Idol Dreams Volume 2 by Arina Tanemura
I liked the first volume of Idol Dreams, with a few reservations so I was eager to check out the second volume to see how the story would develop. I was pretty convinced after seeing how the story was set up that the body-switching heroine Chikage is going to end up with the supplier of her youth idol pills, Tokita. The second volume starts out with a flashback of high school days told firmly from his point of view, showing how genuinely nice and popular Chikage was when she is a teenager. Her current repressed personality and the somewhat forced teen idol disguise really stand in contrast to Chikage’s natural charm back in the day. After reading the flashback, I’m more convinced than ever that Chikage is going to end up in an adult relationship, despite her newfound habit of hanging out with various teen boy band members.
We see some painful reminders of how socially awkward it is to be a repressed over 30 office lady, but Chikage’s idol adventures as Akari are not without peril as (say it with me!) A RIVAL APPEARS in the form of polished teen idol Yuko, who is nursing a mad crush on Hibiki. Akari learns some interesting facts about Hibiki’s home life that put his hustle, drive, and habit of appropriating boxed lunches into perspective. Truly, not since Tamahome have I seen a shoujo hero this dedicated to frugality. Akari and Yuko have to duke it out for the honor of singing Hibiki’s next single, and Akari needs plenty of extra training because she’s never performed for a studio audience before.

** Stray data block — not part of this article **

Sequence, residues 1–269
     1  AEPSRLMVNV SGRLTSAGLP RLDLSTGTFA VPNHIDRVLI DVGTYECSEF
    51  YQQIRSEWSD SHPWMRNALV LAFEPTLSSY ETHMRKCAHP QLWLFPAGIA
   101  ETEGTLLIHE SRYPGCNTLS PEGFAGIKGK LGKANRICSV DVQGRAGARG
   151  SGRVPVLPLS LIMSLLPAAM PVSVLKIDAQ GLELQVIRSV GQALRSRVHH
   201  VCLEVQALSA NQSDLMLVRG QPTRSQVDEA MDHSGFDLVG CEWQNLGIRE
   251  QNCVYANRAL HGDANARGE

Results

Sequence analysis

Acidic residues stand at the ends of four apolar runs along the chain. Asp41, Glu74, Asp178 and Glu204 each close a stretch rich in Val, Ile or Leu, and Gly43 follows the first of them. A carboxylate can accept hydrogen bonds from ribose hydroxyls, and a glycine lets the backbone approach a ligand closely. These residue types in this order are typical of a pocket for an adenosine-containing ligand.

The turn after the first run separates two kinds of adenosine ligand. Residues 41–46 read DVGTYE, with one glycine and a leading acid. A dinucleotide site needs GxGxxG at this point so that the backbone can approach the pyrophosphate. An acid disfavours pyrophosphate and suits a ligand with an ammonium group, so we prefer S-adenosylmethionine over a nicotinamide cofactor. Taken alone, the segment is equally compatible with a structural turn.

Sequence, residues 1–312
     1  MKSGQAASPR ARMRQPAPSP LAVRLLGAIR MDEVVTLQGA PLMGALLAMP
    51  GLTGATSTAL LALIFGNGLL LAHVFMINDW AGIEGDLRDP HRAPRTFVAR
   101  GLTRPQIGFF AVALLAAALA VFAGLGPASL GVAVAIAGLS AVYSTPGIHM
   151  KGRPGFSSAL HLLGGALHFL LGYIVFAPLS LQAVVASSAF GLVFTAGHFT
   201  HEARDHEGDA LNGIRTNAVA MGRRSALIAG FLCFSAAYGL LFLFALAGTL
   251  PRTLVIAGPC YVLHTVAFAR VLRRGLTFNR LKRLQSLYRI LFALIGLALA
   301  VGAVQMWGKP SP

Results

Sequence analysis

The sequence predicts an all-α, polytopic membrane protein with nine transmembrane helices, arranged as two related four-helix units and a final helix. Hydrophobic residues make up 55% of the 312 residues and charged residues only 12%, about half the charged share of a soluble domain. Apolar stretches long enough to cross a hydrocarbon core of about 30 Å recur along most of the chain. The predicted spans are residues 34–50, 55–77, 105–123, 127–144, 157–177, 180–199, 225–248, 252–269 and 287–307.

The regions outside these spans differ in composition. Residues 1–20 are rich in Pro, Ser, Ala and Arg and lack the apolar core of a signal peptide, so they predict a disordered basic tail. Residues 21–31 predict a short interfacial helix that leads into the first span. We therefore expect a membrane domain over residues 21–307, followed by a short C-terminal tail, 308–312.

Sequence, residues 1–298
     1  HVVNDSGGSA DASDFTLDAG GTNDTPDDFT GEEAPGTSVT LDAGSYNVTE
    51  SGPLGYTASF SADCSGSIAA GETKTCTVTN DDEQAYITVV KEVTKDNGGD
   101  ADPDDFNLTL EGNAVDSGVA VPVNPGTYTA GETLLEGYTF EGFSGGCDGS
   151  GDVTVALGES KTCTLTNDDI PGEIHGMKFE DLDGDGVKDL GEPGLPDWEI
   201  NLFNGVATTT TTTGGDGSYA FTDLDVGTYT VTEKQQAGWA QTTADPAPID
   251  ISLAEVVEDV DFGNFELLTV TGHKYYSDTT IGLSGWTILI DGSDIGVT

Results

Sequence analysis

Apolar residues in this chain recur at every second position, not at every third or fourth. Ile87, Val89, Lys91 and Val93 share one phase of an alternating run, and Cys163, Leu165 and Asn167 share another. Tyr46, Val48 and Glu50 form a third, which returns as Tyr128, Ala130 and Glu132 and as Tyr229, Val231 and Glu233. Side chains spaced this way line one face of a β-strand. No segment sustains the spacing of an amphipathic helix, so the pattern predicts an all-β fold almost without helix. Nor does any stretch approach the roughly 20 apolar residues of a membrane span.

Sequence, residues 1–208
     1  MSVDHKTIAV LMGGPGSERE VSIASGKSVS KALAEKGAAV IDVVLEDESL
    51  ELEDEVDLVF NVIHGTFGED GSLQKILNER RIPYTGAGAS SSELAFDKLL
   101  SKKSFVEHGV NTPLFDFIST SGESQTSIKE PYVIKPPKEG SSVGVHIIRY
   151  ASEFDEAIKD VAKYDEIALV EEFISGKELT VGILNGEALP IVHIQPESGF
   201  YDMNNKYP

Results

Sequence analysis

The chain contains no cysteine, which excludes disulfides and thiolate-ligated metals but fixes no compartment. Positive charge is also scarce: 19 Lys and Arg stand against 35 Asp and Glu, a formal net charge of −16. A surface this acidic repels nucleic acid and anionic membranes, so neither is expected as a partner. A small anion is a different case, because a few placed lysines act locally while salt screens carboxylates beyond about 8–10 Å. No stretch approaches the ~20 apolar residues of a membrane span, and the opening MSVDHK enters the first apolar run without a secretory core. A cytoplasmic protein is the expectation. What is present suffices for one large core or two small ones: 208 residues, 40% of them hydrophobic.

There are quite a few funny moments along the way, but one of the things I liked is how much support Chikage is getting to change her life. Tokita comes along on an extended teen idol outfit shopping trip, and when the outfit accidentally gets ruined, Akari’s fellow teen idols leap at the opportunity to help her out, instantly offering up their own clothing to save the day. Idol Dreams is fun and frothy, but I’m much more invested in the few scenes between Chikage and Tokita than any of the other men in her life. Tanemura is always good at shifting between more introspective moments and comedic effect freakouts from the characters, and that was definitely on display in this volume.